Do you think you might have a Civil War ancestor? I quickly realized that I had none, as my dad’s family didn’t emigrate from Europe until c1890. My mom’s family line of Loyalists and Patriots were just a bit off in age to enlist or be drafted by the time the Civil War began. Living in Maine, they were far from the front lines and had no experiences with the day-to-day horrors of that war.
However, my husband has more than one ancestor who served in the Union Army, including John Stufflebean who died of dysentery in a Nashville hospital.
Because our surname is rare and John’s wife filed for a widow’s and children’s pension, learning about John’s military service was very easy. It’s not always that way, so here are some tips and resources to help identify your Civil War soldiers:
1. Search the Civil War Soldiers and Sailors Database. In addition to names, photos are even posted for some Civil War soldiers. There are added search links to cemeteries, battles, regiments, Medal of Honor recipients, prisoners, monuments and, a list of 18,000 (!!) African-American soldiers who served in the war.
2. Did you find more than one possible man/record that might be for your ancestor? Those pension records can be expensive, especially if the complete file is a long one and isn’t yet digitized on a (subscription) website.
Here are two things you can do, for free, before paying for info that might not pertain to your man. First, assuming you know the county of residence for your ancestor, look at a county history. A huge number of them were published in the 1880s when many veterans were still living. AND they often mentioned their service, whether Union or Confederate. Many county histories have a section on military service/battles in the area which mention local men who served, even if your ancestor didn’t pay for a family entry in the biographical section. Archive.org has a collection of Google-digitized books in the public domain and WorldCat is a second resource for locating both digital and hard copy books. FamilySearch is a third resource, although a (free) account is now required to view items.
If you didn’t find mention of your man in a county history, but found more than one man of the same name with service from the same state who could possibly be your relative, google the name of the regiment, militia, or whatever of each of those men. There are many regimental and battalion histories online, created by military buffs. Most men didn’t travel far from home to enlist or report for the draft. Did one of those potential Civil War ancestors in the database serve from the same county where your ancestor was living? Or was it a bordering county and close enough by for your ancestor to sign up there? If so, you have enough information to check out any potential pension files.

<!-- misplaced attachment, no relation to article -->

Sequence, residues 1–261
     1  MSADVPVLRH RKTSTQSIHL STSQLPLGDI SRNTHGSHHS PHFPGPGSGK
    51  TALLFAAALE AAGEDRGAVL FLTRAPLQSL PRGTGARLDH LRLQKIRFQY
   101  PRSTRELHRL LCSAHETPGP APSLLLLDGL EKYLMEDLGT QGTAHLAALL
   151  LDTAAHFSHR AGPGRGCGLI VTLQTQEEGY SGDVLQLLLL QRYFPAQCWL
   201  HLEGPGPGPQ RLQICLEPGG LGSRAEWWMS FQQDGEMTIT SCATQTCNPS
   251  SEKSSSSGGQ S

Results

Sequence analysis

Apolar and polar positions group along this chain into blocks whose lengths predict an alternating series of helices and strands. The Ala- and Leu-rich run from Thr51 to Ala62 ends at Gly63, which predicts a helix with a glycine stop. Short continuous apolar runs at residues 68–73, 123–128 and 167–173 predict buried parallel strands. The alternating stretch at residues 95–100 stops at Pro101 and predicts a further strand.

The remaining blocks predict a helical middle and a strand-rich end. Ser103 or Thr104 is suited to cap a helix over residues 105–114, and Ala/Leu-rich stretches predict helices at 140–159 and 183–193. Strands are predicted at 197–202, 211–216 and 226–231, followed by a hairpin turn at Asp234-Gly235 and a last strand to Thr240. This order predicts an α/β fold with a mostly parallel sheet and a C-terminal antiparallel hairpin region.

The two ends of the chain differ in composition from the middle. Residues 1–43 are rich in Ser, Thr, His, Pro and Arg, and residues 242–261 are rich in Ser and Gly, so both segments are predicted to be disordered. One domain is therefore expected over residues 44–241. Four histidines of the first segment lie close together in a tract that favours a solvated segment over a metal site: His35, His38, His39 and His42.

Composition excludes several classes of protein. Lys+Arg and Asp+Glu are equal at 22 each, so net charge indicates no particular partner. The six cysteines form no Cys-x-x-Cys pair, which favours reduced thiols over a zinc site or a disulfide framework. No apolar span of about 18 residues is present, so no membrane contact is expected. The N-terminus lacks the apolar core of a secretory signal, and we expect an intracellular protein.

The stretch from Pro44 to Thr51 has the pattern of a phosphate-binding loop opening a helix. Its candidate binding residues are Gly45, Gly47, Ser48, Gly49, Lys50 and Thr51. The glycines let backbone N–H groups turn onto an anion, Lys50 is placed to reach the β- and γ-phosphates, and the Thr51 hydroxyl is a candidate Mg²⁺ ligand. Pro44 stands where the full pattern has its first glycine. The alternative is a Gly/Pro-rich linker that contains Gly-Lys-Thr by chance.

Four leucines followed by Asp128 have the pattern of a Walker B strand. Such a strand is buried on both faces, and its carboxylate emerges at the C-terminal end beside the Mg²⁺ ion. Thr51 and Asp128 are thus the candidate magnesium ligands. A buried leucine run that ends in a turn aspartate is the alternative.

Don’t have a subscription to Fold3? Head over to your local Family History Center to visit the website and bring along a flash drive so you can save the files. Warning – those images have to be saved one at a time, not as one complete record, so if there are a lot of pages, you’ll be at it for a while. Another option is to wait for an offer of free access. Fold3 often has those days around Memorial Day, Veterans’ Day and sometimes around other holidays.
3. Have you located your ancestor’s grave? If not, head to findagrave immediately and look! Some families included military unit information on gravestone transcriptions even if their loved one was not buried in a military cemetery.
4. Check online trees of others who have included your ancestor. Don’t forget wiki trees online and FamilySearch. There might be a mention of military service.
Sometimes, it seems like those ancestors just don’t want to be found. If you are still unsure about possible Civil War service in your family, there are many websites that might have additional clues to be followed. I’ve included some of the major websites, but don’t overlook local and state archives and libraries or local genealogical and historical societies where your ancestor of interest lived/died. The local organization might just be the one with that elusive tidbit of proof!
NARA – Note that many National Archives files and documents are not digitally available
Grand Army of the Republic Museum and Library – Founded by Union veterans, the G.A.R. is no longer an active society. However, its holdings that survive are housed here.
American Battlefield Trust – includes Civil War battlefields